India’s own posture has come in for scrutiny and condemnation too. It has refrained from directly attacking Russia, with which it has long-standing connections, despite growing purchases of Russian oil. Western powers were not initially pleased with Delhi’s non-aligned policy, but an understanding appears to have developed.
India may not have specifically criticized Russia in its prior pronouncements on Ukraine, but it has spoken about the value of “the UN Charter, international law, and respect for the sovereignty and territorial integrity of states.”
Prime Minister Narendra Modi’s statement on the sidelines of the Shanghai Cooperation Organization conference last October was interpreted as indirect criticism of Russia. In the presence of President Putin, Mr. Modi declared at the meeting in Uzbekistan that “the modern era is not one of conflict.”
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According to Mr. Kugelman, it is unlikely that India will face pressure to take a harder line against Russia during the G20 negotiations. Yet, he draws attention to other discrepancies within the group that can jeopardize India’s goals.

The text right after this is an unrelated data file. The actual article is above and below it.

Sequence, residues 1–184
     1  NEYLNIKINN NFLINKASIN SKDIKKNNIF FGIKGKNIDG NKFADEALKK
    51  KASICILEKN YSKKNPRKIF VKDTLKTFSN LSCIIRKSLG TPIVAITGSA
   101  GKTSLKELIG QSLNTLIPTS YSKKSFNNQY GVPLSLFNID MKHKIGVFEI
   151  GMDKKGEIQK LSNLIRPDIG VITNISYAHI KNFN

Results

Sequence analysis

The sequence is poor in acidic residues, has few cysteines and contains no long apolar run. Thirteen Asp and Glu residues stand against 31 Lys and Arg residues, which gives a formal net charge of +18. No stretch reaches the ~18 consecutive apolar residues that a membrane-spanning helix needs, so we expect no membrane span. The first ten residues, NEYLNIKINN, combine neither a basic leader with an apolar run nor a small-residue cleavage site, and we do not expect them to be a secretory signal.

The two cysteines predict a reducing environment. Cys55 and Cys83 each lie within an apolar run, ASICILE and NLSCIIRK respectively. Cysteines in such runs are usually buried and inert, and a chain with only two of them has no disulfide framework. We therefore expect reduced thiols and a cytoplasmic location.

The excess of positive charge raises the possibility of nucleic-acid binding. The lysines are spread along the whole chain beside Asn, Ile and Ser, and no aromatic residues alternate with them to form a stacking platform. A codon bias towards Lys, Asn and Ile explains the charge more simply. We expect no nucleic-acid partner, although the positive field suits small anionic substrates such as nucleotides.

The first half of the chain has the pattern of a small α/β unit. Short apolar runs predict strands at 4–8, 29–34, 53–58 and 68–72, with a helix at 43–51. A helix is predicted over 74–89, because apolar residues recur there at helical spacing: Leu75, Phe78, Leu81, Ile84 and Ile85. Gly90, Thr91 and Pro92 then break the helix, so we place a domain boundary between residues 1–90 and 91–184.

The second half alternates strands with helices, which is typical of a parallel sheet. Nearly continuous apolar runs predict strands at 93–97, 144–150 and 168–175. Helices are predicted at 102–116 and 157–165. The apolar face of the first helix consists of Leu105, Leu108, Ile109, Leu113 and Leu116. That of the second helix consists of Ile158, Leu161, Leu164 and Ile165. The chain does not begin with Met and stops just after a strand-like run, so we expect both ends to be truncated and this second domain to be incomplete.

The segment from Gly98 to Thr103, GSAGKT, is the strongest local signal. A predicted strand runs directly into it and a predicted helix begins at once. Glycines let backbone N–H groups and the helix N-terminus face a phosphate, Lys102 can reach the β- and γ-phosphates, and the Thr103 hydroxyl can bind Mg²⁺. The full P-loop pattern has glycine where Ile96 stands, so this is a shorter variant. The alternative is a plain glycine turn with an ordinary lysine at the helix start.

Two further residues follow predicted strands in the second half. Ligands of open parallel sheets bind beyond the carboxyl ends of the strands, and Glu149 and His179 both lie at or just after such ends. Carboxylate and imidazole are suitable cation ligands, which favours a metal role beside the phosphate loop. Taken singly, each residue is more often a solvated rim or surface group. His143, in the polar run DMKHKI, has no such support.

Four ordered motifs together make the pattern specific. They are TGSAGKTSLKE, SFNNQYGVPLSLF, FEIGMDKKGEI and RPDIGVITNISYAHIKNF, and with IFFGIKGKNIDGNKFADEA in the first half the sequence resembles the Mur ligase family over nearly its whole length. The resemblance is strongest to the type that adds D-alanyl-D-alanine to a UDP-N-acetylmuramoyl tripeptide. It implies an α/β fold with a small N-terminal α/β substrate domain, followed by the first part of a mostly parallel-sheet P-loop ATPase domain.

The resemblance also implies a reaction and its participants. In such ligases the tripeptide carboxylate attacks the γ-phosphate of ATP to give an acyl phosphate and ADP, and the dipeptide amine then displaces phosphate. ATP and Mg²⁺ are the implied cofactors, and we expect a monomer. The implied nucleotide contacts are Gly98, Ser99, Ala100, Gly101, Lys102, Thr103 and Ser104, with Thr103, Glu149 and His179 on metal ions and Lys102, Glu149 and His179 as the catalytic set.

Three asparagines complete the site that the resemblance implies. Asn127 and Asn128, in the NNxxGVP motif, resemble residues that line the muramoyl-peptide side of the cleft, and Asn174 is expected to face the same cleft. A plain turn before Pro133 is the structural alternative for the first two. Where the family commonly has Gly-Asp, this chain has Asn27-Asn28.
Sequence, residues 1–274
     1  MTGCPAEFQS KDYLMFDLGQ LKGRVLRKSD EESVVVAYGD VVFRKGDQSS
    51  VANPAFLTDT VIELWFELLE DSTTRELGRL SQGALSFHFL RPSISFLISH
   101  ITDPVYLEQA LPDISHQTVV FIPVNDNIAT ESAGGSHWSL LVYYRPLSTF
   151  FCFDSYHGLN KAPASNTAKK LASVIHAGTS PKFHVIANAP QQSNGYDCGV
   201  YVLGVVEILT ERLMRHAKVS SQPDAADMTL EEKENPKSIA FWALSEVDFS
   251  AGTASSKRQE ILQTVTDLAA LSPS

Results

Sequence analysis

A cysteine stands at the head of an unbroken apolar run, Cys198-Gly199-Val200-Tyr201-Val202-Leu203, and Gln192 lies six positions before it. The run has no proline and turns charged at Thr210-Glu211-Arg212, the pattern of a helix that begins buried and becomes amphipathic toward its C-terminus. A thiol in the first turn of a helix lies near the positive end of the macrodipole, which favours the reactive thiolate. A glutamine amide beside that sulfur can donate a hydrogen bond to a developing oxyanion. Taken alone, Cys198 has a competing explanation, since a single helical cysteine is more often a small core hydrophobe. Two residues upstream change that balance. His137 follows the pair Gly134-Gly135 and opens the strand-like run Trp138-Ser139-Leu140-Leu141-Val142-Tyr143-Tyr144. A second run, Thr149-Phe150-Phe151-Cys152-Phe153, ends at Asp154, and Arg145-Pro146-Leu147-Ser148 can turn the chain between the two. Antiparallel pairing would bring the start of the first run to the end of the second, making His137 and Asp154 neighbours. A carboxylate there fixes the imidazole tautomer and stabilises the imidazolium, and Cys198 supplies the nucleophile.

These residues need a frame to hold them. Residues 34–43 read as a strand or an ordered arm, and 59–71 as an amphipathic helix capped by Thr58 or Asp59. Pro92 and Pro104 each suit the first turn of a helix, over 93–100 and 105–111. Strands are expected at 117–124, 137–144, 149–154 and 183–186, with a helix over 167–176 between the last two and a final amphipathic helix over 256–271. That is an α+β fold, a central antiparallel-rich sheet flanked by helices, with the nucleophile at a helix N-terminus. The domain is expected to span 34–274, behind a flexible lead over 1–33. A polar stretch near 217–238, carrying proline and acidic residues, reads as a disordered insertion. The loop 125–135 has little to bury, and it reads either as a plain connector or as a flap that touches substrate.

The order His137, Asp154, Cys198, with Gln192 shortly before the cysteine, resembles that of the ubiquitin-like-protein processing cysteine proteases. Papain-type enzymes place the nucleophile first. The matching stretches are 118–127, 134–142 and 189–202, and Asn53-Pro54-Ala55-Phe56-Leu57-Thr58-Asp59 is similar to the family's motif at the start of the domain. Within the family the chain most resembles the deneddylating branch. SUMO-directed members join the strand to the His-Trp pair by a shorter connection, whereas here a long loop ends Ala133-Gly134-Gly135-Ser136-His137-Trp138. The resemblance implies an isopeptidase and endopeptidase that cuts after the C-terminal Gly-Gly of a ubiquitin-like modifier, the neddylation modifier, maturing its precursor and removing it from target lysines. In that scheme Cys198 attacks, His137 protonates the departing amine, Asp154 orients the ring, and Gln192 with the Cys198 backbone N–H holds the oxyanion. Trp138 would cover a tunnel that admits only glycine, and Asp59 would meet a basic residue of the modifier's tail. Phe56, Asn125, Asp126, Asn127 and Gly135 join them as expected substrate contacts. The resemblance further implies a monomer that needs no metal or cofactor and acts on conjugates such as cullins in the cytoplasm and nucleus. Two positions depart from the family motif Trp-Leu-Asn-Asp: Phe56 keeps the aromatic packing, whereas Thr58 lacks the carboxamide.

India and China have tense relations as a result of their disputed boundary. He claims that relations between the West and Russia are “as terrible as ever” and that the “spy balloon” scandal has further strained relations between Beijing and Washington.
When top diplomats from opposing sides meet in Delhi, the atmosphere will be hostile. So, according to experts, Mr. Modi and his foreign minister S. Jaishankar will need to employ all of their interpersonal and diplomatic abilities if they want to avoid rivalries from influencing the results of the negotiations.
“Delhi prides itself on its ability to juggle rival alliances but given the depth and the scale of the anger and geopolitical tensions inside this group, it will have to work harder,” Mr Kugelman adds. But India has previously demonstrated its ability to navigate a variety of geopolitical disputes.
Delhi will also be under pressure to perform well at home because it has extensively invested in advertising a G20 meeting that will be held in the “mother of democracies” under Mr. Modi’s direction. Particularly in the run-up to the general election campaigning the following year, he would want to demonstrate that he has been able to strengthen India’s position in the international arena.
“India is making every effort it can to hold gatherings around the nation to inform the population about the G20. That’s all very excellent, but it does not overcome the underlying strategic challenge that India faces right now on how to not allow the conflict disturb its objectives, “says Mr Misra.
India sees itself as a link between the developed and developing nations, according to Mr. Kugelman, and intends to use its G20 chair to play the “middle power.”
They are attempting to tie the G20 to the fact that they now have a leader who can reestablish them as a global power.
For India, he claims that “the challenge is cut out.” How can one distinguish between matters where concrete agreements may be reached and so-called radioactive issues?